The challenge of all discovery approaches is to try to ensure completeness of the analysis. Simple analysis techniques such as HW5 (How, Who, What, Where, When, and Why) questioning may help in ensuring coverage. Typical questioning in identifying “how things get done” includes: who is involved in getting things done, what is involved in getting things done, where are things getting done, when do things get done and why are these things done.

Trisotech enables process discovery with the Digital Enterprise Suite.

Improving Value, Quality, Time and Cost

Improving Value, Quality, Time and Cost

Improvement efforts within organizations tend to focus on increasing the value delivered to the customer, or stakeholders, by providing the highest quality product or services in the shortest time and at the lowest cost possible.

Through the years various improvement approaches have been developed for this purpose such as: Total Quality Management (TQM), Kaizen, LEAN, and Six Sigma. These approaches all share at least one common trait, which is that they all promote Continuous Improvement. According to Wikipedia a continuous improvement is a process of ongoing efforts to improve products, services, or processes.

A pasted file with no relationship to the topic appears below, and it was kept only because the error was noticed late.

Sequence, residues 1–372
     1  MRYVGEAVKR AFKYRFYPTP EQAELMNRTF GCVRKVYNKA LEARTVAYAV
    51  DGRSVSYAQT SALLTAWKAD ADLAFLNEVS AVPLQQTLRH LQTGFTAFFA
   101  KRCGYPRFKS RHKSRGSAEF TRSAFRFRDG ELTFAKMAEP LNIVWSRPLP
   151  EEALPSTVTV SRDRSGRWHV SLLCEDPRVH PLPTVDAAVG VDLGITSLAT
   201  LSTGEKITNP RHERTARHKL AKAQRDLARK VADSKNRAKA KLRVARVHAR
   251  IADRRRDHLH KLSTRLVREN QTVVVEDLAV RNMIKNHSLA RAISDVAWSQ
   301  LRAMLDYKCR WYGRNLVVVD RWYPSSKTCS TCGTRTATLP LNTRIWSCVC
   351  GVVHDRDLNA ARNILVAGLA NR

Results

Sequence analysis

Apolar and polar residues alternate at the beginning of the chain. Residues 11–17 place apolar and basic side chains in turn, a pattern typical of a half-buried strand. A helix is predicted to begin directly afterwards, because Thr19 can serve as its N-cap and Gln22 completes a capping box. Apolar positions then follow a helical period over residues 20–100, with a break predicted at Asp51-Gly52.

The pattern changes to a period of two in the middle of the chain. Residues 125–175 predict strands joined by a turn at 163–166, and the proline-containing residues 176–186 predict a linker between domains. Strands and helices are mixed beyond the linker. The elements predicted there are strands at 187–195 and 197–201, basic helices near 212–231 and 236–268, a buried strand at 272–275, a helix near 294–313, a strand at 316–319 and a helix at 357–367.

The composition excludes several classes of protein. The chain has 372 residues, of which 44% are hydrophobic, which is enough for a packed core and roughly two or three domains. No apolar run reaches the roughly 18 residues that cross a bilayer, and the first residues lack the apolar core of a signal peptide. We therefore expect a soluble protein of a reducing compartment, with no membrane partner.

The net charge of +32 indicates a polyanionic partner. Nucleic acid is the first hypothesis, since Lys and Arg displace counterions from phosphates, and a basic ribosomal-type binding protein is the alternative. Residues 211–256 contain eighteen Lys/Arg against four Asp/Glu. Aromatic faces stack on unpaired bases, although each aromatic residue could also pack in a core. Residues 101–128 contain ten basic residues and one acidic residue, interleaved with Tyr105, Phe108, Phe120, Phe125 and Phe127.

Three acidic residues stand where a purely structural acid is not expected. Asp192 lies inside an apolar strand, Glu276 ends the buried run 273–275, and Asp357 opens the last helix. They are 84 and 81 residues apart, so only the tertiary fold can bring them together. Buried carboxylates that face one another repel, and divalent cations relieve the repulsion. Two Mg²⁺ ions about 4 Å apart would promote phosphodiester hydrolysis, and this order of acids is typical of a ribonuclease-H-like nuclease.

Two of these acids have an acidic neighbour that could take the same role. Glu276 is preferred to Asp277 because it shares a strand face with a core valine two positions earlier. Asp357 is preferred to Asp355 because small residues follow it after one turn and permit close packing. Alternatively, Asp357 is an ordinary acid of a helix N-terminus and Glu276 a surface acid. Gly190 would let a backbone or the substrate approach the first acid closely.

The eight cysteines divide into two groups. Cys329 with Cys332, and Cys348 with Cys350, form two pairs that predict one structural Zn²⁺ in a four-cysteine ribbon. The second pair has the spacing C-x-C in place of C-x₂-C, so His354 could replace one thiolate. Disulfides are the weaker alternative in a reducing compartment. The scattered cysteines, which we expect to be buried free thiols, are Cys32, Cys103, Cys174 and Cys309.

Total quality management (TQM) consists of organization-wide efforts to instill a culture in which the organization continuously improves its ability to deliver high-quality products and services to customers. Kaizen is Japanese and stands for “kai” meaning change and “zen” meaning good. It promotes improvements that are based on many small changes rather than a radical change. Six Sigma was originally developed to increase the quality of goods produced by reducing the number of defects per million units produced while Lean aims to improve time and cost by identifying and removing non value adding activities or “wastes”.